How To Figure Out Grammatical Gender In A New Language

When your mother tongue is English, grammatical gender can be one of the toughest challenges in a new language.
How To Figure Out Grammatical Gender In A New Language

When your first language is English, learning how to figure out grammatical gender is a pretty difficult task. You’re learning Spanish, and all of a sudden what you thought was a regular old bridge turns out to be a masculine bridge (el puente). Or, if you’re learning German, it’s actually a  feminine bridge (die Brücke). By choosing to learn French, Spanish, Italian, German or a number of other languages, you’re forced to sort out the gender of all these objects that very clearly do not have XX or XY chromosomes. And that’s not even mentioning neuter, the third gender in German (and some languages have even more).

For people who deal with gendered languages in their native language, trying to figure out grammatical gender don’t seem to cause much confusion. A person learns the language, and it seems almost logical (“Of course the table is feminine.”). But for native English speakers, who have almost no grammatical gender but little else, it’s probably one of the hardest parts of learning another language. To help you out, we’ve collected a few tips for getting the genders down.

Learn Your Vocab With The Gender Markers Attached

We’ll start with the most obvious piece of advice because it’s worth repeating. When you’re learning a gendered language, you should try to learn your vocabulary with the “the” attached to the word. That means you’re not just learning casa (feminine) and problema (masculine), but la casa and el problema. There will be different signs for every language, so just figure out which ones most clearly signal the gender of the word you’re learning.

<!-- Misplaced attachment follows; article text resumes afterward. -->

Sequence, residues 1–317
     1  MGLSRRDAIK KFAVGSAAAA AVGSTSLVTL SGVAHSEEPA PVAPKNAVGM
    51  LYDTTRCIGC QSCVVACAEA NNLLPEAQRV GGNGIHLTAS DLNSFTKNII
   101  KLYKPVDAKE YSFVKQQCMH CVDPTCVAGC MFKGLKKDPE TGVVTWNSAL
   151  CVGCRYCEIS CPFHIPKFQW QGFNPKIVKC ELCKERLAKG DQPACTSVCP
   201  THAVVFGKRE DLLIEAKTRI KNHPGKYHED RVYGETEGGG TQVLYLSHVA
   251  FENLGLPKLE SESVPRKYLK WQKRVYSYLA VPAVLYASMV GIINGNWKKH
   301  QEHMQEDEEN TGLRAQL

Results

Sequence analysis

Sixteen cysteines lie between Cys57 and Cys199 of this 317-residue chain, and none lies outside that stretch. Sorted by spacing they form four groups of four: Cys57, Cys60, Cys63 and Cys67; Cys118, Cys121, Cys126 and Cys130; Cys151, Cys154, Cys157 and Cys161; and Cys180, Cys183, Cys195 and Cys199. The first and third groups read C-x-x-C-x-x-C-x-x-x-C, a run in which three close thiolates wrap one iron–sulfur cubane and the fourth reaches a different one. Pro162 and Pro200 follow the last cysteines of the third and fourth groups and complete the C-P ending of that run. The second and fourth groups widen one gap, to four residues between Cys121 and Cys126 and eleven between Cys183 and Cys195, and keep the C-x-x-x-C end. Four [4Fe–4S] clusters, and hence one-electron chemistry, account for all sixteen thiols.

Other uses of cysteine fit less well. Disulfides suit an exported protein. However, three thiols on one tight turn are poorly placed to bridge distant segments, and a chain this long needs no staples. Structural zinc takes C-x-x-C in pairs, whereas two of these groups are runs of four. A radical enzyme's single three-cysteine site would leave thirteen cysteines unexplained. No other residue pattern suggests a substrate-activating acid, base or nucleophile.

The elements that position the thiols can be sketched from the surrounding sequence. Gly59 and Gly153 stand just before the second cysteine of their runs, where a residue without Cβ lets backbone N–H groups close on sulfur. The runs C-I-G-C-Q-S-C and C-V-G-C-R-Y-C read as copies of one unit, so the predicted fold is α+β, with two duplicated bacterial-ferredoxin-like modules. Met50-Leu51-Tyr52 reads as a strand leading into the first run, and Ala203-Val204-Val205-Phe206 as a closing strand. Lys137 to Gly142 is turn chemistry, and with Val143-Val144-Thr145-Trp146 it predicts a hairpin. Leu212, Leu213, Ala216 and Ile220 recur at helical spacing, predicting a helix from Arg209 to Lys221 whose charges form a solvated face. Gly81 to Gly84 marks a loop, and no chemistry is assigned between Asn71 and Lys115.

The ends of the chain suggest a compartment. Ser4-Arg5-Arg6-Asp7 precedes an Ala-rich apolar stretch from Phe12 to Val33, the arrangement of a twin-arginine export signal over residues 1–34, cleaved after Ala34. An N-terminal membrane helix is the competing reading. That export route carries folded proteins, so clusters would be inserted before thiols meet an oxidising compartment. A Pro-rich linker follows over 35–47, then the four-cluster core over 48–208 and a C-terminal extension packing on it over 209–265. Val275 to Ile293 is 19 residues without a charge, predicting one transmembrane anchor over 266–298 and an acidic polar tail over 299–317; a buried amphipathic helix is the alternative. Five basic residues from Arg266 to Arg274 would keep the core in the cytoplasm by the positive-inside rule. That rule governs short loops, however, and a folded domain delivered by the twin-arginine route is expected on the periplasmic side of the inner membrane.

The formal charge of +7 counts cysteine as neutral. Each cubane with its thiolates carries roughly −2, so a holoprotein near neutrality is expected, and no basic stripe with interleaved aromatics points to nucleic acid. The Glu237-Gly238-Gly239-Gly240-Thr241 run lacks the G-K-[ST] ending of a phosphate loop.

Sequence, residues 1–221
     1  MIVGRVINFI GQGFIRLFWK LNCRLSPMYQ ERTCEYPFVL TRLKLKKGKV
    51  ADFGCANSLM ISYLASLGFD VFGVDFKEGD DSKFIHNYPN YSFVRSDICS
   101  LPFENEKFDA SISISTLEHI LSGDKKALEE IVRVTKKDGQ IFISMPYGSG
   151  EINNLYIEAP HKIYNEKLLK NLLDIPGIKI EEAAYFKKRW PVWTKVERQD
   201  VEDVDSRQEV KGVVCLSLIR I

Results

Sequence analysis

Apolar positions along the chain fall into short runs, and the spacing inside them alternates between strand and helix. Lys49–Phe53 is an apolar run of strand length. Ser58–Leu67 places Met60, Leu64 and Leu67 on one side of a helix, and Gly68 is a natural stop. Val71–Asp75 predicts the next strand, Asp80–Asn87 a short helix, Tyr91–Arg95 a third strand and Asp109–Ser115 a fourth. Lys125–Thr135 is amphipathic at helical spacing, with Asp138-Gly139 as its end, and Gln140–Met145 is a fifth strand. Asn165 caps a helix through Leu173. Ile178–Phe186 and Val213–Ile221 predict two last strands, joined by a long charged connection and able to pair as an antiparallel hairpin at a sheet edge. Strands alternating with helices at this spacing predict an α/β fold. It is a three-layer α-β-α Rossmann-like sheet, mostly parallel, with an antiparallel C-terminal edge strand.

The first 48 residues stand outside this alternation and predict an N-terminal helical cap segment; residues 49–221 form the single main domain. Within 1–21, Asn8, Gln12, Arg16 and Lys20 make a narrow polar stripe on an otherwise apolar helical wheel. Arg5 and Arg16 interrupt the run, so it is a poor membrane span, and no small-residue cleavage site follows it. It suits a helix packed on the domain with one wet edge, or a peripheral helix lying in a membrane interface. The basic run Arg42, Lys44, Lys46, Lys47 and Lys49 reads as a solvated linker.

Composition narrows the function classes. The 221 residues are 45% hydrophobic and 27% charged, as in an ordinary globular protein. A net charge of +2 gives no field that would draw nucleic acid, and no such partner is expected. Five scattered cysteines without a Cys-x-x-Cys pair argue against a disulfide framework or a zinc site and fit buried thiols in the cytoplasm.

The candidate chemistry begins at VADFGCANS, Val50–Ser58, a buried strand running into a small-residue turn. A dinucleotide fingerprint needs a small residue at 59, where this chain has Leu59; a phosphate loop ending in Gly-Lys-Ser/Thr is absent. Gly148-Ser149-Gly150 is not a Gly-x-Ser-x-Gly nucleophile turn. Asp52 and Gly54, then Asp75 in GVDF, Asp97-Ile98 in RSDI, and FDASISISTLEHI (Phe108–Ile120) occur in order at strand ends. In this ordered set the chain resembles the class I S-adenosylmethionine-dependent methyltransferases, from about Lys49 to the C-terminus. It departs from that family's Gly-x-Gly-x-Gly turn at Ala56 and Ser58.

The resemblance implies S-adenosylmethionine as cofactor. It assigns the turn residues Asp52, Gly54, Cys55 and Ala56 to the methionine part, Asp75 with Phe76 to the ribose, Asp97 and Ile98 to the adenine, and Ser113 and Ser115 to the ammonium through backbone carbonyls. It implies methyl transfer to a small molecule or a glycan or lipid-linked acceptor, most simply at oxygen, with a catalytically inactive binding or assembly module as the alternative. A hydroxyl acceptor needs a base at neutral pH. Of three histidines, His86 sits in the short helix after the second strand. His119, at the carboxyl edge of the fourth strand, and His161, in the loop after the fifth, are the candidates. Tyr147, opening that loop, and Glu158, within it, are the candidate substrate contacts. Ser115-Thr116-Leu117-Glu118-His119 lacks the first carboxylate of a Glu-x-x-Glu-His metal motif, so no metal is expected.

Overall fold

Learning your vocabulary this way won’t solve all of your problems. After all, there are thousands and thousands of vocabulary words, and repeating them over and over can only take you so far. Still, it’s a pretty mandatory first step.

Figure Out The Patterns And Rules

In pretty much every language that has grammatical gender, there are a handful of rules that can help you figure out a noun’s gender. A potentially obvious example in Spanish is that almost all nouns that end in -o are masculine, and nouns that end in -a are feminine. If you can learn the basic rules, it’ll save you a lot of time. Unfortunately, there are going to be exceptions to the rules (problema is masculine, despite ending in -a), but that doesn’t mean you should throw them out entirely. Learning the rules will save you a lot of time.

Research has shown that learning the rules is, in fact, the most effective method for people learning a second language as an adult. It’s basically impossible to figure out grammatical gender for every single word in a language, so you’ll need to determine the patterns to speed you along. Yes, you might be driven up the wall by the exceptions, but that’s all part of learning a language.